Democratic senators offered objections to Utah Republican Sen. Mike Lee’s Gosnell resolution Wednesday, responding with their own resolution to condemn illegal activities in all health-care settings.
Utah Republican Sen. Mike Lee attempted to bring his resolution to express “the sense of the Senate that Congress and the States should investigate and correct abusive, unsanitary, and illegal abortion practices” to the floor Wednesday afternoon for consideration under unanimous consent.
Lee’s resolution highlights the alleged crimes of Philadelphia abortionist Kermit Gosnell, currently awaiting judgment on more than 250 charges, including first-degree murder in the deaths of four babies born alive in attempted abortions and third-degree murder for the death of a woman from a drug overdose during an abortion.
Connecticut Democratic Sen. Richard Blumenthal objected to Lee’s resolution, which focuses on abortion crimes, and offered his own resolution with California Democratic Sen. Barbara Boxer and New Hampshire Democratic Sen. Jeanne Shaheen condemning “all incidents of abusive, unsanitary, or illegal healthcare practices.”
“I believe this problem is broader than the one cited in [Lee’s] resolution,” Blumenthal said.
“Anytime, anywhere patients are endangered or threatened by criminal conduct or malpractice they should be prosecuted and disciplined to the fullest extent of the law,” he said. His resolution “will call upon our colleagues to condemn these actions in all healthcare settings — whether clinics, hospitals, nursing homes, or dental offices across the country and so with that I object.”
Lee objected to the resolution on the basis that he had not had time to read the language.
“I am heartened and I think all Americans should be heartened and the entire pro-life movement should be heartened by the clear implication in this proposal that health regulations should be equitably applied and enforced on abortion clinics as they are on other healthcare facilities,” he said.
Lee continued to discuss some of the details of the Gosnell crime and recalled the recent testimony a Planned Parenthood lobbyist provided before the Florida legislature suggesting that infants born alive should not be entitled to medical attention. He further highlighted the recent series of undercover Live Action videos, which have offered an additional look into the late-term abortion industry.
“Is the case of Dr. Gosnell really an outlier? Or is the legitimacy of the late-term abortion industry merely a lie?” Lee asked. “The American people deserve to know.”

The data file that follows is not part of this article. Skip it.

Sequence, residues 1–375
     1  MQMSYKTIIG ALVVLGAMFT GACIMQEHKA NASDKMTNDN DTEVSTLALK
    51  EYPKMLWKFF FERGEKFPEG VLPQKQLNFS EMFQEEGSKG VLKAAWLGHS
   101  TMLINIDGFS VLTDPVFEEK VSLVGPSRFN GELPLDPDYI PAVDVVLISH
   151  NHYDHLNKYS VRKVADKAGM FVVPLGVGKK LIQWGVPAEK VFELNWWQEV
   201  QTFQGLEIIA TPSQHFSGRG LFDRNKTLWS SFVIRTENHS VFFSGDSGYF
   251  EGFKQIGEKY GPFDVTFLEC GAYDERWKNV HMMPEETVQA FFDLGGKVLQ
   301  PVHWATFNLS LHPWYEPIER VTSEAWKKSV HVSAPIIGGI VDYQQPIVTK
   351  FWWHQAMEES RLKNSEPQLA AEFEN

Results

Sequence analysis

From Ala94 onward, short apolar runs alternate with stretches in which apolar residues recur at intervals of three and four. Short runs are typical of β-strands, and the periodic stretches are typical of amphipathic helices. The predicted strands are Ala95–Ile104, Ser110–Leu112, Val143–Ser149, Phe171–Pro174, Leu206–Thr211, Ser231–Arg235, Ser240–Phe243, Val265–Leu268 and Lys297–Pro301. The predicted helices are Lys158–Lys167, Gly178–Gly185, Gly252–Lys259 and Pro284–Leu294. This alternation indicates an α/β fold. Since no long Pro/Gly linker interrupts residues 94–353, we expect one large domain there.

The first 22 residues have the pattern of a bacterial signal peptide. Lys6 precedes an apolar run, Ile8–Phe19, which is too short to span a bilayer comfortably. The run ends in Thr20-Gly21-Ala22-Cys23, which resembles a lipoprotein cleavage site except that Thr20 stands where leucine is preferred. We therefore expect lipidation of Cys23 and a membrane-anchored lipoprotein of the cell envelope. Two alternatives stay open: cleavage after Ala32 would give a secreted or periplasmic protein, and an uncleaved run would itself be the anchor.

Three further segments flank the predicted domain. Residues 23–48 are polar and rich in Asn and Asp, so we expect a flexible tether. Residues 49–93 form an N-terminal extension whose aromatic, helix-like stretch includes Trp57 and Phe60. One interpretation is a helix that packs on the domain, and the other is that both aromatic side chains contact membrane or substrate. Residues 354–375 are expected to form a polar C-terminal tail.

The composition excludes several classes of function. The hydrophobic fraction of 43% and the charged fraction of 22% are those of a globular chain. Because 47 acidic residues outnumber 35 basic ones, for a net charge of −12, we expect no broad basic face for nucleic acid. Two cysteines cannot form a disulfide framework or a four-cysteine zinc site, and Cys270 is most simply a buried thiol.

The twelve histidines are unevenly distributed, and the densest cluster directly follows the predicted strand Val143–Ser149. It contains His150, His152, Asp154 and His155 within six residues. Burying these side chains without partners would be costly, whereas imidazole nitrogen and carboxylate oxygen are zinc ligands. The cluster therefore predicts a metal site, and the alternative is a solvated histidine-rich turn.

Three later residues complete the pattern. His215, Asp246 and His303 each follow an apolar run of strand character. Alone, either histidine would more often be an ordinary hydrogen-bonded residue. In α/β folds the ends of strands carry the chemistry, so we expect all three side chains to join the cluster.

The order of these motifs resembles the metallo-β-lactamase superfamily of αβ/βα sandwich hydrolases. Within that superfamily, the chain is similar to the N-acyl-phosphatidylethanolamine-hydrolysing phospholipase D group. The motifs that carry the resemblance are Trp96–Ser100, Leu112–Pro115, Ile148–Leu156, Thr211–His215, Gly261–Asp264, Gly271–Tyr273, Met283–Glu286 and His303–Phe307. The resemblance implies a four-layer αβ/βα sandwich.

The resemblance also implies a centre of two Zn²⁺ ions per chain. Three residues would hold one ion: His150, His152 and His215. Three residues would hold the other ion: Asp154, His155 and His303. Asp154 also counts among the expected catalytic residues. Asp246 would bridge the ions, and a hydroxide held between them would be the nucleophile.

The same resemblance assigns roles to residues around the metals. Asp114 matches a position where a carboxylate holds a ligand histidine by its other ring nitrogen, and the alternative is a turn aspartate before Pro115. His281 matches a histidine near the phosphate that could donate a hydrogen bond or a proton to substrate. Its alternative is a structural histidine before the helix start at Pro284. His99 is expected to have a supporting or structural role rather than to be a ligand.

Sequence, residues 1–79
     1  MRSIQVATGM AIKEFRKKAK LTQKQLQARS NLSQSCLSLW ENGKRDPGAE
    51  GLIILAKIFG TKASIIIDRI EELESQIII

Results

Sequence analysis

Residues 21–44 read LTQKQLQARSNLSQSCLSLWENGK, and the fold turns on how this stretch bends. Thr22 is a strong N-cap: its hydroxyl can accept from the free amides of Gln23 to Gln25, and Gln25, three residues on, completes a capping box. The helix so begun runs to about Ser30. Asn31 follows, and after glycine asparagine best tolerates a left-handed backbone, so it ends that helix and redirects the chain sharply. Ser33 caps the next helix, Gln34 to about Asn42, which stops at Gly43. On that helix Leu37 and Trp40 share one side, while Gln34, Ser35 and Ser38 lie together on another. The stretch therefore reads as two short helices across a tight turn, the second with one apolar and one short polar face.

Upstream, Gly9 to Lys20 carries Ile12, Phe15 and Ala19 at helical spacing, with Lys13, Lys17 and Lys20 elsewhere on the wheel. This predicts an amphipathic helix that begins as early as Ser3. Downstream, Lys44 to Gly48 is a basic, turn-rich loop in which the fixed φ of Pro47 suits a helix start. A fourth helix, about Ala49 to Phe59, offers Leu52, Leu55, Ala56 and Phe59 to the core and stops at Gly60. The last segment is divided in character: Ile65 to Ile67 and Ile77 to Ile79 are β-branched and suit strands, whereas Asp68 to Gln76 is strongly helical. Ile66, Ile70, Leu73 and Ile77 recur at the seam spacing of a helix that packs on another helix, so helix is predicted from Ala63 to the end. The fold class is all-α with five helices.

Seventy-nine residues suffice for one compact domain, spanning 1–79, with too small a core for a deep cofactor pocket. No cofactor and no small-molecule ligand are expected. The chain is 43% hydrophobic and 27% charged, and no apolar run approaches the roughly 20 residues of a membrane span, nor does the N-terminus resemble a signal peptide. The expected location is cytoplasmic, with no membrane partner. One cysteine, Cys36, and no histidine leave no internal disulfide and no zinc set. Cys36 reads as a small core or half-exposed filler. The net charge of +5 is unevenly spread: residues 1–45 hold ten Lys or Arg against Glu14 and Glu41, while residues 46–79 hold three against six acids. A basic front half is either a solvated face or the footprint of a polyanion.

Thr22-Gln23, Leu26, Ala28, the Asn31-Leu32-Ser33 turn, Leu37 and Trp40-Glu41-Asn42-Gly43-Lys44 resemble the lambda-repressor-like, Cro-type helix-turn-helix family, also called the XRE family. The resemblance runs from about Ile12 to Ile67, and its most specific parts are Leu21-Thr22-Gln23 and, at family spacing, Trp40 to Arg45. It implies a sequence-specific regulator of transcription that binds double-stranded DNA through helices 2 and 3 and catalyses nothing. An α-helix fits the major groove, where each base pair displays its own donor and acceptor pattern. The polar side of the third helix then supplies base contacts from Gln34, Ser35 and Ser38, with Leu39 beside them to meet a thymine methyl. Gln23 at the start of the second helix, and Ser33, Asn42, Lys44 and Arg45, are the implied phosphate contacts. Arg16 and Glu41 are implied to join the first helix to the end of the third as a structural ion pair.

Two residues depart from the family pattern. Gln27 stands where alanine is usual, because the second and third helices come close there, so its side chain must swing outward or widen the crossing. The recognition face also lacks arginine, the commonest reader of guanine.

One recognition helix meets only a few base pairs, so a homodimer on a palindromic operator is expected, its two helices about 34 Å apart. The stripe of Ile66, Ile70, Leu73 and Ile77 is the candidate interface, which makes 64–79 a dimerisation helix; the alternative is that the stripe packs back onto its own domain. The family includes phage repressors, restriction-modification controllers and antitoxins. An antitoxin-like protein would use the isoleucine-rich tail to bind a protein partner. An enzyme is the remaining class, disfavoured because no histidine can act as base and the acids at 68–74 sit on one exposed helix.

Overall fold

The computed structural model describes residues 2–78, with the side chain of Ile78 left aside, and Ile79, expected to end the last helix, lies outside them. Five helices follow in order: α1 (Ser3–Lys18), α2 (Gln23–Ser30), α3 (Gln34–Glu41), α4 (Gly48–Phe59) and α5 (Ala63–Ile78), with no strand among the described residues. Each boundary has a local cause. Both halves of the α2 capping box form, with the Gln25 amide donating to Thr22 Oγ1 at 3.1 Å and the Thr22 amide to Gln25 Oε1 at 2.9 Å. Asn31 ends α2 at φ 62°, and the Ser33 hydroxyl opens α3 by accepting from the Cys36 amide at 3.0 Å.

He continued that while opinions will be divided the Senate should see to is that they “find common ground to protect innocent women and children.”
“But there really should be no division or controversy surrounding the Sense-of-the-Senate resolution I’d like to call up now,” he said. “If there are other Kermit Gosnells out there, waging their own personal war on women, we need to know about it. And we need to stop them.”
Blumenthal responded that he sympathized with the concerns Lee raised, explaining that he wanted to include all “criminals posing as healthcare practitioners” in all areas of medicine — including the Oklahoma dentist who exposed his patients to HIV and hepatitis from unsterile equipment; practitioners at a Southern Nevada endoscopy clinic who exposed their patients to hepatitis C through unsanitary practices; and a nursing home director in California who inappropriately medicated the patients in her care, resulting in the death of at least one patient.
“These incidents, as alleged, are willful violations of human dignity and decency that ought to shock the conscience of the nation every bit to its core as much as the alleged misconduct and potential criminal activity in Pennsylvania,” Blumenthal said.
“My resolution would take as common ground the alleged Pennsylvania misconduct and include many other instances where standards of care, basic standards of decency and trust are violated,” he added.
Lee concurred that all health-care facilities should be subjected to oversight and regulation.
Boxer spoke on the broad issue of health-care abuse, saying that the Senate does not come out and condemn each horrible act.
“We don’t come down here everyday to call out one horrific problem after another. Certainly what has happened in Pennsylvania — and again I would take the admonition of Sen. Blumenthal, who was a prosecutor, we have to be careful when a jury is deliberating — but certainly if these allegation are true the individuals involved should be prosecuted to the fullest extent of the law,” she said and added that this should be case in other instances as well.
Boxer praised Blumenthal for his attempt to find common ground by expanding the condemnation to all abusive, illegal health-care practices.